Welcome to our new series, Factory Tour, in which we're taking you inside the manufacturing facilities of some of our favorite brands to find out how the clothes we buy are actually made. Next up: Providence, Rhode Island-based leather goods company Lotuff Leather.
Quality is a word that gets bandied about a lot in the fashion industry, but that doesn't mean it's actually a common feature amongst the goods on offer at your local department store. On the lower end of the totem pole, the proliferation of fast fashion has made clothing cheaper and more disposable than ever, and according to Dana Thomas's 2007 bestseller "Deluxe: How Luxury Lost Its Luster," many of the priciest luxury brands have cut corners when it comes to material and construction, too.
While some may be too distracted by sparkly advertising, popularity among Instagram influencers and celebrity endorsements to notice, others — like Lindy McDonough, creative director of Lotuff Leather — are determined to quietly combat the decline in genuinely high-caliber goods.
"Our goal is to make the best bag you'll ever have," she says in an interview at Lotuff's light-filled studio in Providence, Rhode Island. "And the last bag you'll ever have."
McDonough and her colleagues at Lotuff are so attuned to the makings of a quality bag that they're the kind of people who walk into Prada's Milan showroom and find themselves critiquing stitches or edge-painting techniques. It's not that they want to bring other brands down, it's just that they've logged countless hours training themselves to notice the little things.
"We're maybe a little bit on the controlling side," McDonough laughs, "but I think if you care about a great bag, that's probably a good thing."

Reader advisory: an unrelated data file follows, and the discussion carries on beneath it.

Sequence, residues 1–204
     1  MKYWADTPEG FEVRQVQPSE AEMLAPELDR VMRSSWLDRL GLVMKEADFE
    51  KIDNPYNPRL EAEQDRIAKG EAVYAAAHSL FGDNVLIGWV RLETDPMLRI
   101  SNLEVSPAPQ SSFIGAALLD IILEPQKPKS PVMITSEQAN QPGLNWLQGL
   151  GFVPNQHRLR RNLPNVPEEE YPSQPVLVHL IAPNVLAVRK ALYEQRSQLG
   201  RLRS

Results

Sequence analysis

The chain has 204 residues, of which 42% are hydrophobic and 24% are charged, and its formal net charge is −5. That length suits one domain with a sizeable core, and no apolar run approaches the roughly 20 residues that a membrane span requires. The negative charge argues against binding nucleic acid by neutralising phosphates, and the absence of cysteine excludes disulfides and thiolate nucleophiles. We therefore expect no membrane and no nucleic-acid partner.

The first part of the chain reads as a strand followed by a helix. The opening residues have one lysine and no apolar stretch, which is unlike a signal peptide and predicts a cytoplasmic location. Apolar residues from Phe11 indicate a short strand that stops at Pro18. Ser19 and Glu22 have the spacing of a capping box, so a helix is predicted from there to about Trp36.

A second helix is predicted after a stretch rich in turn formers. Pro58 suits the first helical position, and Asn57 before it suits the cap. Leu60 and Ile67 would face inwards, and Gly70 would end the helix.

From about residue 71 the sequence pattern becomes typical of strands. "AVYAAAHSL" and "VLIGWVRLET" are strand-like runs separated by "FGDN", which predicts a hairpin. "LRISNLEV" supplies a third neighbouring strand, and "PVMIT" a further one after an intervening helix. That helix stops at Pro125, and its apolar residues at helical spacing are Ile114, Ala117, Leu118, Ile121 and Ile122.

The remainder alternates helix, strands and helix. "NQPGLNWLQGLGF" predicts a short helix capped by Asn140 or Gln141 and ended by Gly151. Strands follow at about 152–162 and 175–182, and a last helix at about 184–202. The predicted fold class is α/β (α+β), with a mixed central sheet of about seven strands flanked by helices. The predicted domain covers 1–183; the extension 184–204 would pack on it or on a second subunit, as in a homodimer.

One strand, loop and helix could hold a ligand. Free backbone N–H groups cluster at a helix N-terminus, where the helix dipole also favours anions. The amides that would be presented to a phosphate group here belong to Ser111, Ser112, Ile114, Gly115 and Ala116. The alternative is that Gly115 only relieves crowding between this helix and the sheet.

Founded in 2012 by Joe and Rick Lotuff, a pair of brothers with years of experience in American manufacturing, the brand makes an array of men's and women's leather goods that prize quality of design, materials and construction above everything else. After initially launching in partnership with a Connecticut leather workshop headed by men who have been in the business for decades, Lotuff has since invested in its own studio and brought about 70 percent of its production in-house.
"I've seen bags that one of the Connecticut leatherworkers made that are 40 or 50 years old," McDonough explains. "He's an important part of that process in terms of how things are going to age, how they're going to perform [over time]."
But the leadership at Lotuff is just as proud of the younger talent on the team, which is culled from prestigious art schools like RISD in Providence and the School of the Art Institute in Chicago. Lotuff offers a 30-hour workweek and full benefits, making it easy for employees to maintain an art practice outside of work, and the employees in turn offer Lotuff the precision and skill of trained artists. The outcome is a workshop that is full of the wackiness, camaraderie and intensity found in an art school shared studio space the weekend before portfolio critiques.
"It allows for the quality to be just insane," McDonough explains of the employee demographic. "It's a quality that you wouldn't be able to get anywhere else."
The skill of the craftspeople is just one element that contributes to the caliber of Lotuff's pieces, however. Another comes from the way the tight-knit team works together on every detail. Rather than designing on a computer, sending an image to have patterns made on the other side of the world and then sending that pattern to another factory to have bags constructed, Lotuff does it all in one large room. Designers can and do construct their own patterns, and they're just feet away as other Lotuff employees select what parts of a leather hide to cut or begin to stitch edges. Each bag is individually numbered as a way to keep tabs on who worked on each product.